This passage occurs as a New Testament Lesson in the RCL "Pentecost"/"Ordinary"/"Proper" Season, Year A, most recently October 2020.
Summary: In certain theological circles I often find that justification is the aim; yet for Paul in this passage justification has a purpose. As the Greek indicates, it has a purpose, namely that we would know Christ, his resurrection and his suffering. Rather than claim this is something other than good Lutheran doctrine, Luther and countless other Lutherans have seen justification has the key to the kingdom, but not the kingdom itself, which is Christ.
σαρξ ("flesh" 3:4 and elsewhere) Normally we think that Paul sees the flesh as an entirely evil entity. In this case Paul talks about his righteousness in the law (and therefore the flesh). He never says that his Jewish upbringing was evil. In fact, Paul's whole take on flesh and law provides more a productive evangelical tact than the normal torpedo attack on human sinfulness. Simply acknowledge that people have seen and accomplished great things, yet they still often sense a worthlessness about themselves and are haunted by a sense that something greater exists. To reiterate, Paul is not claiming the flesh is evil, but he is clearly affirming its limits.
ζημια ("loss" or "damage"; found as noun and verb 3:7 and 3:8) Interestingly, Paul calls his accomplishments a loss. The Greek here is a bit stronger in that it can also mean "damage" or "penalty." Paul here lays the groundwork for a later group of Lutheran orthodox thinkers who argued that good works are damaging to salvation. While I don't like admitting this, I can see both Paul's and the orthodox thinker's point here that human achievement can cloud our vision from seeing Christ's blessings.
side note: Paul here echoes back to 2:5 and 2:6 in the Christ hymn; Christ did not regard (ηγεομαι) equality with God as something to be exploited. Here Paul is saying he regards all of his benefits as loss through Christ.
συμμορφιζομενος ("together-shaped", 3:10; noun form in 3:21). I believe this is a crucial word to understanding Paul's letter to the Philippians. Paul writes that Jesus was in the shape (μορφη) as God, but chooses a different shape, one of a slave, for our sake. However, for Paul this does not mean the Christian can avoid death No, Paul believes that we to will be transformed by Christ, in that we will receive the same shape as him -- a crucified slave, so that ultimately, we might receive a resurrected body like his. This is also found in Romans 3:17 - co-inheritors, co-sufferers, co-will be glorified-ers. I would argue that chapter 3 of Paul's letter to the Philippians is applying the Christ him of suffering and glory to the Christian.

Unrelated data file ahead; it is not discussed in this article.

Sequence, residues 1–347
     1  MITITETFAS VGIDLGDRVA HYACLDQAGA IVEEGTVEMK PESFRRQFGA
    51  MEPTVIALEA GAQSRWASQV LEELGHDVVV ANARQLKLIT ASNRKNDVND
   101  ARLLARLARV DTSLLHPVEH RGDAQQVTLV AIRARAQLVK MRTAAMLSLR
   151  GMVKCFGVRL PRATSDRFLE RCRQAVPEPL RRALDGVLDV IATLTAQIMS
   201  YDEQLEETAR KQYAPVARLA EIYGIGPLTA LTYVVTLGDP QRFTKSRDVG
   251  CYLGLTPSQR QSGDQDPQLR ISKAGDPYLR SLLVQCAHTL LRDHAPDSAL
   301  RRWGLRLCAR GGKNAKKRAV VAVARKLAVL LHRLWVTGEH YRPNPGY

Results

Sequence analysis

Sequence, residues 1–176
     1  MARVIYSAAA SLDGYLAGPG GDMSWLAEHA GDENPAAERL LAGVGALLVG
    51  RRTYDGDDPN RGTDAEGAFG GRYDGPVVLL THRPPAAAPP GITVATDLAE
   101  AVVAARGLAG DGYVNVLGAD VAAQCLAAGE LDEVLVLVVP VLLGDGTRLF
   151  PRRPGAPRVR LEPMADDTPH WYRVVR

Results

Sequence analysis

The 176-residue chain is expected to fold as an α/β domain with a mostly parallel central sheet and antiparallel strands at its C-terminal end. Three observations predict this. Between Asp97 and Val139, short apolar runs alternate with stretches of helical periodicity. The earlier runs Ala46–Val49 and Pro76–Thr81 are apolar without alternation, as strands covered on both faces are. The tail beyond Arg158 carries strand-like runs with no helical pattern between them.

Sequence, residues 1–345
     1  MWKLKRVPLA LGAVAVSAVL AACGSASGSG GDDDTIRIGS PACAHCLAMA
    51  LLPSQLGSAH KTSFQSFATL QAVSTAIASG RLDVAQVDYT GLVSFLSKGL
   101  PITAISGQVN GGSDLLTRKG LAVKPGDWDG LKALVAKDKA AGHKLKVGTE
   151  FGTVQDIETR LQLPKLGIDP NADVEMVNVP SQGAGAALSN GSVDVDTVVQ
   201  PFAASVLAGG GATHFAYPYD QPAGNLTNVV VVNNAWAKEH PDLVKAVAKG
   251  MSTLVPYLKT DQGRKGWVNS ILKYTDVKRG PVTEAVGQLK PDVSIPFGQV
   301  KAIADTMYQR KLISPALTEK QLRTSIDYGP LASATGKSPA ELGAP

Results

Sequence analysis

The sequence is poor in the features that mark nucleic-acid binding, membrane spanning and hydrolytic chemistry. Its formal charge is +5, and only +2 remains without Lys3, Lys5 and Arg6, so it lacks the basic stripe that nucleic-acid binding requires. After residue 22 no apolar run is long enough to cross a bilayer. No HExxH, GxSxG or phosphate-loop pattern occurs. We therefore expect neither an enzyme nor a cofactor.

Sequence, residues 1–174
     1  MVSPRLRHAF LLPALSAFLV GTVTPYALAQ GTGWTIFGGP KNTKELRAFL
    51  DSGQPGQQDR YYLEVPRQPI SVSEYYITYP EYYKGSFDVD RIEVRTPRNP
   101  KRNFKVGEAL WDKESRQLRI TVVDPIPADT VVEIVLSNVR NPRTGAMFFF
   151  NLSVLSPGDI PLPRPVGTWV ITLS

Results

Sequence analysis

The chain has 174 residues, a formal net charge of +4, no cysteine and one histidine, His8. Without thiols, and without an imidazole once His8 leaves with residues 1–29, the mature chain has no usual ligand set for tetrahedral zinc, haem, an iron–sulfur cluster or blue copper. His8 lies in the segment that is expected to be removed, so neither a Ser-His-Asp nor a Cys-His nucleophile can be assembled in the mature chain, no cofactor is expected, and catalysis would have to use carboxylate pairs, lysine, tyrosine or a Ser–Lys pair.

διωκω ("pursue"; 3.6, 3.12 and 3.14): Paul's bragging here has a double rhetorical effect -- he will return to the words "pursue" (διωκω) and "righteousness" (δικαιοσυνη) later in this section (3.9, 12 and 14).
σκυβαλα ("crap"; 3:8) Rubbish is about as nice as you can translate this. Paul wants a rhetorical effect here.
καταλαμβανω ("receive, obtain, overcome"; 3:12,13) This verb presents a problem in most cases for the translator because it has a broad array of meanings. In this case, the challenge is in the tenses. In verse 12 Paul claims that he has been obtained (aorist passive) by Christ; yet he also says in the aorist subjunctive that might obtain it; finally, in the perfect active he says he has not obtained it. Here is Paul at his grammatical worst and perhaps theological best: The event of Christ's death and resurrection obtained Paul for Christ, but this process is not finished!
επιλανθανομαι ("forget"; in participle form in 3:13). Most important is not the participle form, but the present tense. Both verbs in the second half (forgetting and looking ahead) in the present tense, suggesting this is an on-going process of doing this. We cannot simply forget once, but must continually forget.
Grammar review & theological commentary on verses 3:9-10
Infinitive purpose clauses In Greek, the infinitive can be used to express purpose, especially when it is an "articular infinitive." (ie, article + infinitive) In verse 9 Paul discusses justification by faith. He begins verse 10 (which the Greek scribes connect with a comma to the previous verse, not a period) with the "articular infinitive": του γνωναι (the knowing). Paul's use of an infinitive here suggests that justification's purpose is to know God, the power of the resurrection and the fellowship of suffering. In other words, 9 and 10 are linguistically linked by Paul and a strong possible reading is purpose...vs 9 (justification) is for the purpose of vs 10 (resurrection). To build on last's weeks passage about μορφη (shape), justification leads to transformation as our "morph" becomes like Christ.